The son of a Bridlington war veteran has paid tribute to his father who served in the D Day landings during World War Two.
George – or Geo as he was known by friends – was born on Monday 19th April 1920 at Ivy Cottage in Flamborough.
Speaking of one the fondest memories he had of his father, his son George H Bayes said: “My dad was running backward to stop a high ball when he crashed through the door of the bank offices on the pier in Scarborough. He picked himself up and rather sheepishly propped up the broken door and guarded the bank until the manager came down to take over.”
An avid sportsman George had won his colours in cricket and rugby while studying at Bridlington School, where he also performed as a “bright scholar”.
He could boast the longest hit in Bridlington Cricket Club’s history, after wellying a ball into a train’s empty coal container which was bound for Newcastle.
After school George entered that family business, one of the biggest fish buying companies in the region.
Upon the outbreak of World War Two he was drafted to fight in the army where he served in the Royal Signals Regiment.
While on leave George married Lily Ann Gibbon on Thursday 31 December 1942 at Flamborough Church.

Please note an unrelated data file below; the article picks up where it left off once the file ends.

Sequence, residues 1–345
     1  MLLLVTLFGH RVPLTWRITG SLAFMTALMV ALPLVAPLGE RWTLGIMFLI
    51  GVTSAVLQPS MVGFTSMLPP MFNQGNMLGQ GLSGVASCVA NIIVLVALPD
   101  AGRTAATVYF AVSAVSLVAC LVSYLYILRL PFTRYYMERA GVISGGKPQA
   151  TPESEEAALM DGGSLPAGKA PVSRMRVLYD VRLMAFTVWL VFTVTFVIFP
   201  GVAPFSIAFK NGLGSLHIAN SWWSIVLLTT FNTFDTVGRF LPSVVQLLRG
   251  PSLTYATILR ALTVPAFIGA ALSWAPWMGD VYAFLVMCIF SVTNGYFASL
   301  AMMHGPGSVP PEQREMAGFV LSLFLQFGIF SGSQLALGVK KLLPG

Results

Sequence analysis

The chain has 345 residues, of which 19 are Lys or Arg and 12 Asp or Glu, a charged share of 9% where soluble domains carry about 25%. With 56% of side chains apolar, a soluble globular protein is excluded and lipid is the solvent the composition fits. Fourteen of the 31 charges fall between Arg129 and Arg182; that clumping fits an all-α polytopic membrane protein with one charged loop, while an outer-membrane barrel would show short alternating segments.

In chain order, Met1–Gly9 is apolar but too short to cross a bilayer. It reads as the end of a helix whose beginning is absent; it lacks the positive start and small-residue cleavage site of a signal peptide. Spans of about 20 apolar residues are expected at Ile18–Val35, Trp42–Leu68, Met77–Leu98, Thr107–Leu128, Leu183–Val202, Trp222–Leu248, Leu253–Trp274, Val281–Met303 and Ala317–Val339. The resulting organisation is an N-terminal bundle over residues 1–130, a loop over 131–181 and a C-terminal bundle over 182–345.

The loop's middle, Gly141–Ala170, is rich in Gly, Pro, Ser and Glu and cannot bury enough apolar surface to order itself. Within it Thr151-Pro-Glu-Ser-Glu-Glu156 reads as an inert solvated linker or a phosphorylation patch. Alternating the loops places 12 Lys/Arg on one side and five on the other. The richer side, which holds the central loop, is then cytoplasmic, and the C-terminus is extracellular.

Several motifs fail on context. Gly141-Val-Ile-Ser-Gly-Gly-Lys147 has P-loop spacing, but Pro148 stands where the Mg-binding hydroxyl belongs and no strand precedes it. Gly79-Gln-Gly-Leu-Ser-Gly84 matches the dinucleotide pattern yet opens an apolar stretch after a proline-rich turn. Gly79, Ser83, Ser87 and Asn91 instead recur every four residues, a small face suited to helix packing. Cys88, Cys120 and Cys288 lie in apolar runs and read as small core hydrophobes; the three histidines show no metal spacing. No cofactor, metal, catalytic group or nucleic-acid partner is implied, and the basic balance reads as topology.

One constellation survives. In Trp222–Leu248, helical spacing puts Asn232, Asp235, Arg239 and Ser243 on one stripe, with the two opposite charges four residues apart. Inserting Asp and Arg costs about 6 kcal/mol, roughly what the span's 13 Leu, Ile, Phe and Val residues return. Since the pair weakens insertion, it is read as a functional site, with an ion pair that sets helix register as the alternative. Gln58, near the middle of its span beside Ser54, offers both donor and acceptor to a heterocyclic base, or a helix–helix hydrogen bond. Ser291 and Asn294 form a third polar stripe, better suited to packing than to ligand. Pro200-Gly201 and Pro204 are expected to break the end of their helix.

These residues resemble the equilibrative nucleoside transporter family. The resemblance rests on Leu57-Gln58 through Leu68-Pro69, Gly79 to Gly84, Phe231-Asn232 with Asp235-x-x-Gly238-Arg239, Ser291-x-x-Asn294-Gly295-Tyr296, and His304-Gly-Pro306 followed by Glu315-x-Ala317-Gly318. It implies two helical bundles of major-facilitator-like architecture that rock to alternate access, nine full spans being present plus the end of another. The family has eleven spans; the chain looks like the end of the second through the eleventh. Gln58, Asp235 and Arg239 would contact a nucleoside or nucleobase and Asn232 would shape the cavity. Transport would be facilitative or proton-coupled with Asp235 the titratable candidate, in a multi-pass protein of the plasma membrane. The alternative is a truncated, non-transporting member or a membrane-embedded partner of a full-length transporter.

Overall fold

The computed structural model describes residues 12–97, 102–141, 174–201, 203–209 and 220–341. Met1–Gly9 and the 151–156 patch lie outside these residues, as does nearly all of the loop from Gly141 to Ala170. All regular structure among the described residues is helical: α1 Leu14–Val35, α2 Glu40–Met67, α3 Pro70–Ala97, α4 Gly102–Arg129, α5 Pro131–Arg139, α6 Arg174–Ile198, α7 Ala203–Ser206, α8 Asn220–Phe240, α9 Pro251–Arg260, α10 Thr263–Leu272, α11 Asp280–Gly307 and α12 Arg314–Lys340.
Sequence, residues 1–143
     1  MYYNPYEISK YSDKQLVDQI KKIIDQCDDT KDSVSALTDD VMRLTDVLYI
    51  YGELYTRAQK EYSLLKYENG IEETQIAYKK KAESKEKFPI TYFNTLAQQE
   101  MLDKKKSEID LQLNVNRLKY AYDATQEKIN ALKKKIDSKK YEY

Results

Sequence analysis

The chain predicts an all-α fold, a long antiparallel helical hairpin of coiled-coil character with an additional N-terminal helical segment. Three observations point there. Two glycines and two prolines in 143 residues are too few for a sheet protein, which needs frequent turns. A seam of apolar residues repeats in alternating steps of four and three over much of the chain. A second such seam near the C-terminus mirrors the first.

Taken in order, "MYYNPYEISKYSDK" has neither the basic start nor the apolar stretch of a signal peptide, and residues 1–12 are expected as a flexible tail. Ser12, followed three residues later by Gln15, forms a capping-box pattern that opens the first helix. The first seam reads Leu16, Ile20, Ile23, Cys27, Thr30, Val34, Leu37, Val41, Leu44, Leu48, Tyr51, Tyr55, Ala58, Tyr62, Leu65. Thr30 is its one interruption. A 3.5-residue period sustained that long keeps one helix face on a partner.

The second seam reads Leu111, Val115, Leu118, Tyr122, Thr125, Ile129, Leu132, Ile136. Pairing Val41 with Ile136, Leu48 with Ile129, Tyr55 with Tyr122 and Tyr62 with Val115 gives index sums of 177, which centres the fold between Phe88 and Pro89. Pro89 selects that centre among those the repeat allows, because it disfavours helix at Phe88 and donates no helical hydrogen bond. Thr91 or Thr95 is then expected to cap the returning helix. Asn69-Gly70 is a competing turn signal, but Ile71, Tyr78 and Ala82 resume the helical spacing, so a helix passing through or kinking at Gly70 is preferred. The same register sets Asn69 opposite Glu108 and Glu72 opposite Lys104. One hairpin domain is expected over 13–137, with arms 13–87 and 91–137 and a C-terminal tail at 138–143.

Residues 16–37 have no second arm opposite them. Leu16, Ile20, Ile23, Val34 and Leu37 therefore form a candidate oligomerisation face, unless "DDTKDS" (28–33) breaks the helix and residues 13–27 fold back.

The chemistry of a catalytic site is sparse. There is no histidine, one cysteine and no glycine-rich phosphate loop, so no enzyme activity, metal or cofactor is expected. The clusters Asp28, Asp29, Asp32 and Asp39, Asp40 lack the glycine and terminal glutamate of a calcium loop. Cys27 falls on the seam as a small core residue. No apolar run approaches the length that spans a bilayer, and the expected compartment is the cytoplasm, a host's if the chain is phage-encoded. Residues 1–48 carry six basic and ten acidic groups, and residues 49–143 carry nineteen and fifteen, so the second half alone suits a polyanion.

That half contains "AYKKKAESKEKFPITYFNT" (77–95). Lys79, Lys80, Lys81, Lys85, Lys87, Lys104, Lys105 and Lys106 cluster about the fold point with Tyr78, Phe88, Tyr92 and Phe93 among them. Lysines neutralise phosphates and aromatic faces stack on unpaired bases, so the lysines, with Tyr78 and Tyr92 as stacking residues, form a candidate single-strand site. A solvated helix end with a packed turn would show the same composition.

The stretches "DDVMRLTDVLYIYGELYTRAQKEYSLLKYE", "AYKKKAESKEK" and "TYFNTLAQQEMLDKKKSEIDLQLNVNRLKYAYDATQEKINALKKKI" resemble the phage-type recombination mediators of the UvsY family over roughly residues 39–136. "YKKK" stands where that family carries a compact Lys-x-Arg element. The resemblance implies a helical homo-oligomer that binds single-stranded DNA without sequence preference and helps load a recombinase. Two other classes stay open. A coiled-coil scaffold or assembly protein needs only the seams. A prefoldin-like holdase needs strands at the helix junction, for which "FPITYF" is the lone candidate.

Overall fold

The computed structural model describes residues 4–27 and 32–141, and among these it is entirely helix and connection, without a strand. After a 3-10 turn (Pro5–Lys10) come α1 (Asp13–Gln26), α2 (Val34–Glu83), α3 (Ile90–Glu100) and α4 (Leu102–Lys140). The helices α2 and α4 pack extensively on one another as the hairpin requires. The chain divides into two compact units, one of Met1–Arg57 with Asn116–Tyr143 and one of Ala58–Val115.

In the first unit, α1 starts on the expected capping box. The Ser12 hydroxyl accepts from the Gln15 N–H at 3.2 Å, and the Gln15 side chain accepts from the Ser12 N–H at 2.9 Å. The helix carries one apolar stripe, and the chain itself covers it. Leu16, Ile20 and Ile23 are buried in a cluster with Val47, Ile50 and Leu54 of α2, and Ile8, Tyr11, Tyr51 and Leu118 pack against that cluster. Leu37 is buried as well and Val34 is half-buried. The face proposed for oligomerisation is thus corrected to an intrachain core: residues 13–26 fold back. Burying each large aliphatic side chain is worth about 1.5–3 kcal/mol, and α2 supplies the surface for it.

Less than two years later he found himself on the front line of the most notable ground offensive during the conflict, the D Day landings.
“His job was to send reports to the War Office in England,” son George added, “having travelled from the Normandy beaches all the way to Germany, he was among the first British troops to enter Berlin. After the war, my father returned to buying fish from the markets.”
In addition to serving as a rural district councillor for Flamborough in the 1960s, a passion for the village’s RNLI saw George go on to save the station from closure in the late 70s.
“He was an unassuming and modest man,” said lifeboat treasurer Paul Arro. “He was a great figurehead for the station and was instrumental to securing trials for the Oakley boat in 1979. He convinced the RNLI there was a need for the station to continue.”
His wife, Lily, died suddenly on 13th September 1978 aged 58. In 1980 he re-married to Maud Speight and they moved into the second house George built himself in Flamborough.
George leaves four children; Margaret, Elizabeth, George and Richard, nine grandchildren and two great-grandchildren.